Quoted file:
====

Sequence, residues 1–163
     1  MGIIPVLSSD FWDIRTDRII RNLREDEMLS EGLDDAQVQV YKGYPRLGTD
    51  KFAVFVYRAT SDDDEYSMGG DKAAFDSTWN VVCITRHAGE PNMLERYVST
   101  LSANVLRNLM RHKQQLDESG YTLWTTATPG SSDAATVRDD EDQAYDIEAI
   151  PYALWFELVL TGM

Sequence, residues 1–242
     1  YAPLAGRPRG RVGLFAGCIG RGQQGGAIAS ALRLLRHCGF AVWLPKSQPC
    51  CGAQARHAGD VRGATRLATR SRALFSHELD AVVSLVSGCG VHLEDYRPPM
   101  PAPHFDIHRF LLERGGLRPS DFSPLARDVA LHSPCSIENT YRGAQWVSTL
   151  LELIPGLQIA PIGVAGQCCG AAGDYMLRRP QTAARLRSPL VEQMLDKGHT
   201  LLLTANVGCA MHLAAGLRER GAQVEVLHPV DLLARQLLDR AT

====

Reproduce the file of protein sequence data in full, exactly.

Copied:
Sequence, residues 1–163
     1  MGIIPVLSSD FWDIRTDRII RNLREDEMLS EGLDDAQVQV YKGYPRLGTD
    51  KFAVFVYRAT SDDDEYSMGG DKAAFDSTWN VVCITRHAGE PNMLERYVST
   101  LSANVLRNLM RHKQQLDESG YTLWTTATPG SSDAATVRDD EDQAYDIEAI
   151  PYALWFELVL TGM

Sequence, residues 1–242
     1  YAPLAGRPRG RVGLFAGCIG RGQQGGAIAS ALRLLRHCGF AVWLPKSQPC
    51  CGAQARHAGD VRGATRLATR SRALFSHELD AVVSLVSGCG VHLEDYRPPM
   101  PAPHFDIHRF LLERGGLRPS DFSPLARDVA LHSPCSIENT YRGAQWVSTL
   151  LELIPGLQIA PIGVAGQCCG AAGDYMLRRP QTAARLRSPL VEQMLDKGHT
   201  LLLTANVGCA MHLAAGLRER GAQVEVLHPV DLLARQLLDR AT